One of the perks of my job is, most definitely, going to flashy fashion parties. The pitfalls? Coming up with suitably knock 'em dead frocks to wear to them. Best events always begin post-work - as in too late to go home and change. If I'm out and about reporting - which is inevitably the case - I have to wear certain components of my outfit (minus heels/bling/false lashes etc) many hours before the actual party action starts.
For such occasions I have a small wardrobe (painted gold on the inside) that is entirely devoted to fashion party occasionwear, not to be confused with occasionwear of any other sort. For instance, you wouldn't carry a leather stegosaurus-shaped handbag to, say, your sister's wedding reception, but you would to a fashion party (Daahling! It's a Giles!). Jackets make up around half of the wardrobe's contents, collected over the years with flamboyant fashion parties in mind. Most are vintage, which can earn you serious style points at gatherings if the decade from whence they hail is being referenced at that particular time.
I have a beautiful gold lamé 1940s jacket, which once caught the eye of Miuccia Prada's chief assistant when I wore it to a post-show party in Milan (her collection was very 1940s-inspired at the time). Another of my great "reach-fors" is a cream silk frock coat by Selina Blow, the sister-in-law of the late Isabella, that looks like an 18th-century museum piece and equally "now" courtesy of Dior's autumn/winter 2010/11 collection.
If this all makes me sound well-stocked in the wardrobe department, you might wonder why receiving an invitation to the Net-A-Porter 10th anniversary soirée in London brought on a panic attack. It isn't just because I knew that the Natalie Massenet thrash would attract fashion's finest, hot off the Eurostar from Paris, having just witnessed mind-boggling couture. It is more that most, if not all, the party pieces housed in my collection, although exquisitely designed and much loved, become unwearable if the temperature soars to 30C (a balmy breeze in the UAE, but a scorching heatwave in London), which it was on the night of this party. Blistering heat and designer high fashion are a tricky combo.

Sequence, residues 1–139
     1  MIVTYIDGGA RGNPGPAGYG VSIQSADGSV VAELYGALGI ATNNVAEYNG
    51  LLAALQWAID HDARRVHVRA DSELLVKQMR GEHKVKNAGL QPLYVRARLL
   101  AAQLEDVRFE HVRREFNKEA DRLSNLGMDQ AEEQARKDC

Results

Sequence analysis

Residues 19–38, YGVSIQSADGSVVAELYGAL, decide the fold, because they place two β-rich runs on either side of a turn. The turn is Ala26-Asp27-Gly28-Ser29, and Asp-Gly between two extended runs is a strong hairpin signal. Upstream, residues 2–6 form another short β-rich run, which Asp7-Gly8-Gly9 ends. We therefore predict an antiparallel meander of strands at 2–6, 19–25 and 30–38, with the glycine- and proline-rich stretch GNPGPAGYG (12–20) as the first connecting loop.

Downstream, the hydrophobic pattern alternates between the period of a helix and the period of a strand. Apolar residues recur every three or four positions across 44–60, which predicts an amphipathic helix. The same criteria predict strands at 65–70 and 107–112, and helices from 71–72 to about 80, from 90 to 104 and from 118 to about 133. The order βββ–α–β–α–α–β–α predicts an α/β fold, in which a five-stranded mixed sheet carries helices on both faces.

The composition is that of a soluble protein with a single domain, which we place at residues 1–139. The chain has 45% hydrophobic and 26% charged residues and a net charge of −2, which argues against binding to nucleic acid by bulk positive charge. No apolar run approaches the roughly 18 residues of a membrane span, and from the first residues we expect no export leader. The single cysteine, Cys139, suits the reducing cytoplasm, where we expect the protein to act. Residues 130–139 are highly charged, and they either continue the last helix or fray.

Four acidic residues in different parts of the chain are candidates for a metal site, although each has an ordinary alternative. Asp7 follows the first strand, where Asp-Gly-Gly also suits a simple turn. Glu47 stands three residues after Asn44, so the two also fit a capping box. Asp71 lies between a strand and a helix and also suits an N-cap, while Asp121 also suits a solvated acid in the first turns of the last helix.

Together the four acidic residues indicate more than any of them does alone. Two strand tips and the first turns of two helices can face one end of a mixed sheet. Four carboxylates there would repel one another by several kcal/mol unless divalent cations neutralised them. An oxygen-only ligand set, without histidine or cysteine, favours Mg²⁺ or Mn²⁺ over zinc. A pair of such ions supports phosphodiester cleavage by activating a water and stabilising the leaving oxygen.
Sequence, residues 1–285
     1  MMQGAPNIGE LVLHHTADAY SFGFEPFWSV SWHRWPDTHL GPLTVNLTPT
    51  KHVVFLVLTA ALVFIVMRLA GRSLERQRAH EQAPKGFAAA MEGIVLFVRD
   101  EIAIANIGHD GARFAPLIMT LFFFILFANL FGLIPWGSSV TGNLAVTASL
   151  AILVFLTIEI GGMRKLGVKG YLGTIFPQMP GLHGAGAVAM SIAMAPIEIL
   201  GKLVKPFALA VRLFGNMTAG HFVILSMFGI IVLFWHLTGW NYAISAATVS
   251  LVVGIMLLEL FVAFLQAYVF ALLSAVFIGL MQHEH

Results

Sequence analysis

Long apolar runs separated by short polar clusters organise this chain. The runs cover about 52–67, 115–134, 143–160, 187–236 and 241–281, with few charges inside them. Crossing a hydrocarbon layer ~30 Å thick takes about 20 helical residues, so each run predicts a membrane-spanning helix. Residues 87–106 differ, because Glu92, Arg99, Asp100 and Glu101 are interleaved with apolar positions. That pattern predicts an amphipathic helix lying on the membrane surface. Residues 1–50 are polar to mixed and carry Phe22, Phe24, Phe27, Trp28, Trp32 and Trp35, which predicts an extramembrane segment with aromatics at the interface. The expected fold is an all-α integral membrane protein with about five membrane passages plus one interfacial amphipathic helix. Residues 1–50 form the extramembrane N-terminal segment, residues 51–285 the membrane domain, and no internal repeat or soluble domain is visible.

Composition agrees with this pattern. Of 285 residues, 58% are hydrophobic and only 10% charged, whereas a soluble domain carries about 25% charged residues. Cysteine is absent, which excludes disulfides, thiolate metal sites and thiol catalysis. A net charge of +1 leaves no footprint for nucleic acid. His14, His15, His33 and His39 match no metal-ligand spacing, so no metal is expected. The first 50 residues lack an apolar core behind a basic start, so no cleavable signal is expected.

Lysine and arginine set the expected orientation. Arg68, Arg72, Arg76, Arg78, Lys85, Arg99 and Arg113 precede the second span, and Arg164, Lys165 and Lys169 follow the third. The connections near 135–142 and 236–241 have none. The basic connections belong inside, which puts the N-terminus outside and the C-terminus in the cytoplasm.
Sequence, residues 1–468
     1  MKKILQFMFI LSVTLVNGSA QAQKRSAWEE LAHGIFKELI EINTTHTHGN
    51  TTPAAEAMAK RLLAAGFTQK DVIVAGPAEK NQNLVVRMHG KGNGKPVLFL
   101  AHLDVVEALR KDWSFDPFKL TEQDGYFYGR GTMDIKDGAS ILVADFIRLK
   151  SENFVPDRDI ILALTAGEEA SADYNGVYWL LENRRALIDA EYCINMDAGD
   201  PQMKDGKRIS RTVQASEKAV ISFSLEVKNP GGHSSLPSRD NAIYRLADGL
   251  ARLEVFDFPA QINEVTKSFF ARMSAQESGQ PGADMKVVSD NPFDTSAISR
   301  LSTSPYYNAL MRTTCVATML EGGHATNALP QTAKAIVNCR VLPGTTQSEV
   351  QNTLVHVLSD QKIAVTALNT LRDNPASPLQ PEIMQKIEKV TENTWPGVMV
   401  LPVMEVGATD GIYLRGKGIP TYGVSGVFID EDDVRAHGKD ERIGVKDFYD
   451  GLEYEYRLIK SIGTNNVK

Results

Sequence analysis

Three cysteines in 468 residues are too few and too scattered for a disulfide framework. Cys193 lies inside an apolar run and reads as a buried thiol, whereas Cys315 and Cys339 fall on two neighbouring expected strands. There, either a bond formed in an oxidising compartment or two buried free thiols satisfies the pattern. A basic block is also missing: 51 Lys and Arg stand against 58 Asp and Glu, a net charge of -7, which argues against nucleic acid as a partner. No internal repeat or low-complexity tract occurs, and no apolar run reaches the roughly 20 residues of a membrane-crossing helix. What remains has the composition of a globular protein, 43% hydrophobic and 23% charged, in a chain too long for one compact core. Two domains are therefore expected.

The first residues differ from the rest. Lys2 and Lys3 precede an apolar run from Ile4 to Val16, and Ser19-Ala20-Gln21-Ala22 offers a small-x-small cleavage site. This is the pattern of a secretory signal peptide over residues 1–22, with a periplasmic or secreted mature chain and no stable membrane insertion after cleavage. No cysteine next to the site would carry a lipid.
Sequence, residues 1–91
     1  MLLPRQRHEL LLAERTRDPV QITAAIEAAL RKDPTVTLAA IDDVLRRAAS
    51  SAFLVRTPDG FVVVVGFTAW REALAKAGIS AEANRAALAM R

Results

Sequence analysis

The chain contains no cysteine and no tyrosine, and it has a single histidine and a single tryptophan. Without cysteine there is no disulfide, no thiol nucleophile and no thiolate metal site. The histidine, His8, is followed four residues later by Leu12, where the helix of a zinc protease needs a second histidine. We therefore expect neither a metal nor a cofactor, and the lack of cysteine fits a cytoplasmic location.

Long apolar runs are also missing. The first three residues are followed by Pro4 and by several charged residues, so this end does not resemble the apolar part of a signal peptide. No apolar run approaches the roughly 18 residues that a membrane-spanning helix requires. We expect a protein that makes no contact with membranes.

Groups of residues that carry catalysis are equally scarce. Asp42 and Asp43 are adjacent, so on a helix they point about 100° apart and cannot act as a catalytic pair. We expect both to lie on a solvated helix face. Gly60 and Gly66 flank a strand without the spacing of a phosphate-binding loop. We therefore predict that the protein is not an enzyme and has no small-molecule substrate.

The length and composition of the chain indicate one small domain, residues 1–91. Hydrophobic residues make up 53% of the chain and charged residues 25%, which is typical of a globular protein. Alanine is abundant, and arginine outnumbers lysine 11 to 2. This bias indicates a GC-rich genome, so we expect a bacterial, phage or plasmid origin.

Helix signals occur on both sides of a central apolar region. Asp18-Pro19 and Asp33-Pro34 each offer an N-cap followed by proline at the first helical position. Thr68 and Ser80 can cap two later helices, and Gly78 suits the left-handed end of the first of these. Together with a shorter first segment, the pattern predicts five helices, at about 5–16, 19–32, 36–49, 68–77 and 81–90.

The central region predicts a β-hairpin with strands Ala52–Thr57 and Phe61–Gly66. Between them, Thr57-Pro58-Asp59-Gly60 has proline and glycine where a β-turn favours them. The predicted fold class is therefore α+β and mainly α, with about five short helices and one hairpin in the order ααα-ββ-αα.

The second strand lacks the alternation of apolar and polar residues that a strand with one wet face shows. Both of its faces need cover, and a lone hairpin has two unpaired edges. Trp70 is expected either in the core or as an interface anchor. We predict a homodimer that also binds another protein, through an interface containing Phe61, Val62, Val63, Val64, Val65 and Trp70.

Most trendy events in the British summer take place outdoors in order to cater for the ever-increasing fashion pack, who are notorious for dragging along their friends. This lot don't appreciate being crammed like sardines into nice air-conditioned hotels when it means they have to teeter outside on stiletto Manolos to smoke. Unlike parties in autumn/winter, when you can start to experiment with new-season trends that aren't yet in the shops, from mid-June to August, it's impossible to be fashion-forward without fainting.
Right now I can hardly bear to look at images of the tight-fitting Mark Fast knitwear, Chanel yeti fur or high-waisted Chloé wool trousers (am now fanning my face with my hand) that are starting to appear in fashion magazines. Only a handful ever pull off looking cool when they are most certainly not feeling it, and Anna Wintour is one. For the Net-a-Porter evening I was determined to be another. Initially, I reached for a blue silk chiffon vintage frock, which is knee-length and waisted: a look Miuccia Prada and Marc Jacobs are rocking for next season.
It's also jewellery-encrusted, so I wouldn't need to wear any additional baubles. But when I spied the original 1960s polyester lining, I quickly put it back. Even my Chloé LBD, that is rolled out for so many occasions, somehow just seems wrong in July. I was tempted to head out to the sales to buy a white blazer. Kate Moss has been wearing a Stella McCartney style recently, which updates everything she wears, frock or trousers. I feel, however, in this heat any jacket, no matter how dazzling, would simply end up unworn, flung in a corner or hanging limply from my arm all evening.
In the end, the best option appeared to be to apply the same logic that I do to my credit card. When in doubt, max it out. Nothing says summer soirée more than a full-length flouncy dress (preferably by Erdem).